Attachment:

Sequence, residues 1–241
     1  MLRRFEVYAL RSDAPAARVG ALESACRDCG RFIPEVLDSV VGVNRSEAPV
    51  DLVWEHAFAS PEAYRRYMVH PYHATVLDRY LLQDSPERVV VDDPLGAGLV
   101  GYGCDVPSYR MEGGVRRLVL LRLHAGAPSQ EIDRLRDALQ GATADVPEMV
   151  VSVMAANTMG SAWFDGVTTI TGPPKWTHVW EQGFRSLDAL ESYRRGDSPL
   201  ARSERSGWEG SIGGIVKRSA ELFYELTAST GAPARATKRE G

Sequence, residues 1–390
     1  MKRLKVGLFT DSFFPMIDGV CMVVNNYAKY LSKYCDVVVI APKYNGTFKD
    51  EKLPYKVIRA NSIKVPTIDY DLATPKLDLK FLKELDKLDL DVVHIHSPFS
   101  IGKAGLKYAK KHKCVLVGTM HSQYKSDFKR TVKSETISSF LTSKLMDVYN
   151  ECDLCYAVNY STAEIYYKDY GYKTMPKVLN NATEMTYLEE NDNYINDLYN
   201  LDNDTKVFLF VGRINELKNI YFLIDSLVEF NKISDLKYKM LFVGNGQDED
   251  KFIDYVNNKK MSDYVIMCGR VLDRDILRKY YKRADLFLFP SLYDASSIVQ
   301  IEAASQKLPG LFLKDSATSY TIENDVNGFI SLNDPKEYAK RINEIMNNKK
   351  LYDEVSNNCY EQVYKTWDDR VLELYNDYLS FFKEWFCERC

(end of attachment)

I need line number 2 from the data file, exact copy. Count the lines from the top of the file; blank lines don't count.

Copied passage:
     1  MLRRFEVYAL RSDAPAARVG ALESACRDCG RFIPEVLDSV VGVNRSEAPV